- About us
- About Our CSA
- Find Our Produce
- News from the Farm
- Cooking With RFF
CSA stands for Community Supported Agriculture.
It's a commitment between individuals or families and farmers, where people buy into the farm as members at the start of the growing season, and in exchange receive a weekly share of the farm's harvest.
You will come each week to the same location to pick up your share. At most pick up locations, produce is displayed on tables farmers' market style so that you can select the items that you want within the weekly guidelines. It helps to bring your own reusable bags or containers to take home your produce. A coordinator will be there to check you in and answer any questions about the vegetables and how to cook them.
Pre-packed boxes are offered during November and December at some of the distributions when the weather is cold.
Vegetable shares generally consist of about 10 lbs of assorted produce per week, although the share size does fluctuate depending on the time of the season and success of individual crop plantings.
In general, shares are lighter early in the season because most of the crops are still growing and sizing up. By midsummer and fall, the shares are abundant and diverse with a wide spectrum of tasty produce.
The vegetables in the winter portion of the Full Season Share (the portion also called Winter Share) are mostly root crops, onions, squashes and others that store well, although there are still plenty of greens later on too. Each winter share consists of 14-20 pounds of mixed produce.
Usually, a family or household of 2 - 4 people can eat a share without much trouble. Small households can freeze, dry or can extras. Large households should seriously consider purchasing two shares.
We do not sell half shares, but it is fine if you’d like to split a share with a friend or co-worker. Some people split the share after pick-up or you can go one week and your friend the next.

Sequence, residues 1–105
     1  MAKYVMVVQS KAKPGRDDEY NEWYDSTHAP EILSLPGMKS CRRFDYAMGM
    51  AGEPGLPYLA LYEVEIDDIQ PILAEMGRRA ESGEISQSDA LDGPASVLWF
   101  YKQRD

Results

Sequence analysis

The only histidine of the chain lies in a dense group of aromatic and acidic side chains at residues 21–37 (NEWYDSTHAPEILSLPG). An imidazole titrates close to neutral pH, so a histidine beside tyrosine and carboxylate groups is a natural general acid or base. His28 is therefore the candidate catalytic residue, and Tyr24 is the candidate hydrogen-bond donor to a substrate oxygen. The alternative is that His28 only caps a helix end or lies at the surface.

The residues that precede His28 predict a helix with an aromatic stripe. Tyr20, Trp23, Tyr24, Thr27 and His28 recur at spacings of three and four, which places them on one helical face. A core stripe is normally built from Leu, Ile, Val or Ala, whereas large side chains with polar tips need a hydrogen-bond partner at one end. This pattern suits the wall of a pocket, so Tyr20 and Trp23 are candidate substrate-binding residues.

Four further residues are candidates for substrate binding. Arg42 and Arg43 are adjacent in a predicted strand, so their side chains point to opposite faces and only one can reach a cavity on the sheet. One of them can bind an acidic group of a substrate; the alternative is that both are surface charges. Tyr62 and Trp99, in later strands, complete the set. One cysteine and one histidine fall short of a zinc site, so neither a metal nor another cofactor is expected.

When you sign-up, please make sure to include the names and contact info of any one who will be coming to pick-up for the share, as well as all the e-mail addresses of folks who want to receive the newsletters and updates.
We offer the vegetable farm shares, Flower Shares, Fruit Shares, and Egg Shares.
Please visit the CSA Options page for an overview of what we have and to see the details on each option.
We basically grow every kind of vegetable that grows well in this climate. You can visit our Recipes page to see the diversity of produce we grow and get ideas of how to cook it.
We also have a season chart that shows you the general availability of produce throughout the season.
Additional produce of certain crops (peas, beans, basil, cherry tomatoes, herbs, strawberries and cut flowers) are also available to all CSA members for Pick-Your-Own at the farm in Granby at no additional cost.
Current Pick Your Own information and amounts will be posted in the barn and specific details about how to pick will be sent out early in the season in the weekly newsletter emails. Each weekly e-mail will also list what crops are ready for PYO.
Boston area and Montague members can come and pick larger amounts at one time.
Most years in June and July we get some questions from new CSA members about how we decide what produce to put in the CSA shares each week. Usually the concern is about tomatoes, and sometimes other early season greenhouse grown produce available at our retail stands, and the question is why are we selling these crops at our farm stand and farmers market stands, but not including them in the CSA shares?
At Red Fire Farm, we have an extensive collection of greenhouses where we grow early and late season crops in order to extend the harvest season for popular crops. Over the years we have invested hundreds of thousands of dollars to build and maintain these special growing areas. Since the space inside a greenhouse or high tunnel is so valuable to build and heat, we grow popular crops like tomatoes timed so they will harvest one or two months earlier than it is possible to get these crops to ripen outside. This is important to do to draw people into our retail markets earlier! The resulting greenhouse harvest is then very valuable since it cost so much to grow, and also very limited in quantity since we only have about 1 acre of greenhouse space compared to about 150 acres of outdoor field space.